Adam Csank

Ph.D 2011

 

Contact Information:
Adam Csank
Assistant Professor

Department of Geography

University of Nevada- Reno
1664 N. Virginia Street

Reno, NV 89557
Tel: 775-784-6663

Email: adam.csank@gmail.com acsank@unr.edu
Web: http://www.azcsank.com/ https://www.unr.edu/geography/people/adam-csank

 

Ph.D Dissertation Title: Deciphering Arctic Climate in a Past Greenhouse World: Multiproxy Reconstructions of Pliocene Climate

 


DECIPHERING ARCTIC CLIMATE IN A PAST GREENHOUSE WORLD: MULTIPROXY

RECONSTRUCTIONS OF PLIOCENE CLIMATE

Department of Geosciences
The University of Arizona
2011

ABSTRACT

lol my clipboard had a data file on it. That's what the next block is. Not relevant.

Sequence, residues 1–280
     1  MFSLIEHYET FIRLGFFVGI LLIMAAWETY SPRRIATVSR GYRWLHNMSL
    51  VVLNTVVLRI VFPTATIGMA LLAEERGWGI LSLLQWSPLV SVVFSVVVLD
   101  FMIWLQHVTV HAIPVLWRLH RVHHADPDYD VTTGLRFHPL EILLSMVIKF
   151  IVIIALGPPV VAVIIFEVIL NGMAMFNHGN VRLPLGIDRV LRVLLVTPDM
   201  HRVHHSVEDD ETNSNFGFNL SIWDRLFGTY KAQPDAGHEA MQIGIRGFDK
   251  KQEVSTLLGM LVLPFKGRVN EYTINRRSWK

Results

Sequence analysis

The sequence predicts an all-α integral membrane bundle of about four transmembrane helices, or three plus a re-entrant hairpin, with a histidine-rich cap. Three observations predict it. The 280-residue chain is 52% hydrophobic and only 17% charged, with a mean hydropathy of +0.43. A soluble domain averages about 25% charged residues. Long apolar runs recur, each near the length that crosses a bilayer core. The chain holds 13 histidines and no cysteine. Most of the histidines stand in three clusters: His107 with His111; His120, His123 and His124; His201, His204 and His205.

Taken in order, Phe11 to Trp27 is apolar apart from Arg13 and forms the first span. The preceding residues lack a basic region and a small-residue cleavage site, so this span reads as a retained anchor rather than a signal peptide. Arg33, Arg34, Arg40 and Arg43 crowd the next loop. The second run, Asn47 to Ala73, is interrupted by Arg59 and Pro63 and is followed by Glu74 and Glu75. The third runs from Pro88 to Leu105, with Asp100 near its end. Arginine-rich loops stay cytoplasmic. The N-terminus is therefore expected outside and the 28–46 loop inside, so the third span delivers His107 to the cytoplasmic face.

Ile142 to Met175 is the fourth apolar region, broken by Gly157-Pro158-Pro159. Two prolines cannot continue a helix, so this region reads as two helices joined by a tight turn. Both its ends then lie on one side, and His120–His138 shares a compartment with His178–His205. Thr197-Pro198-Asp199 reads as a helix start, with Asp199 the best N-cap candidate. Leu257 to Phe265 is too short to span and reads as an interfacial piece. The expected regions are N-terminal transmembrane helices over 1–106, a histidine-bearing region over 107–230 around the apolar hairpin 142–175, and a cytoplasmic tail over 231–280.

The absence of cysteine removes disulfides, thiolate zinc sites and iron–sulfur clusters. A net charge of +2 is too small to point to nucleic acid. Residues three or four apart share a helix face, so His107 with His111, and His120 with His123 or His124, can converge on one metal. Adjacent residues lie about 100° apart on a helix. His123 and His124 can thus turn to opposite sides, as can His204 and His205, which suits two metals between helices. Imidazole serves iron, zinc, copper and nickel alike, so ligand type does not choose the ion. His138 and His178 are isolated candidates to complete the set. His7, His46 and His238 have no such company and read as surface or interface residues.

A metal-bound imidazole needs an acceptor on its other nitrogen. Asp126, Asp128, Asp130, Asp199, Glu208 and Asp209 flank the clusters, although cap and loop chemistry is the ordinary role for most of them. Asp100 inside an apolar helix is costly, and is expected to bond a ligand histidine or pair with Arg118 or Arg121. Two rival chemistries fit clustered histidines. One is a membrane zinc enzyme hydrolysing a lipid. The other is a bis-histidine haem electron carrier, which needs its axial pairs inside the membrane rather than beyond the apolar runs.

The extreme sensitivity of high latitudes to global climate changes is the stimulus for the study of ancient Arctic ecosystems under greenhouse conditions. With an increasing number of studies, including the most recent Intergovernmental Panel on Climate Change (IPCC) report, highlighting Pliocene climate as an analogue for future warmth, the need for accurate proxy records for this period is crucial. In order to investigate Pliocene climate I used stable isotopic studies of fossil molluscs, moss and wood from two fossil forests deposits in the Canadian High Arctic. I found that during the early Pliocene Ellesmere Island growing season temperatures were 10-14 C warmer than at present. I also found that mean annual temperatures (MAT) were 17-19 C warmer than present. That the difference from modern in MAT was greater than the difference in growing season temperatures is an indication that Pliocene winter temperatures were considerably warmer than summer temperatures. Spectral analysis of the tree ring data indicated that decadal and sub-decadal variability similar to modern patterns existed in the Pliocene Arctic. Mean annual temperatures from a late Pliocene-early Pleistocene site on Bylot Island, during the transition to large scale Northern Hemisphere glaciation, were 11.8 C warmer than present. This deposit represents the remains of a flora that grew during an interglacial warm period where summer insolation was at a maximum. This suggests that prior to using such sites as true analogues of future conditions we may need to consider how close the feedbacks operating then were to the feedbacks we might expect in the future. However, that temperatures so much warmer than present existed in the high Arctic during a period.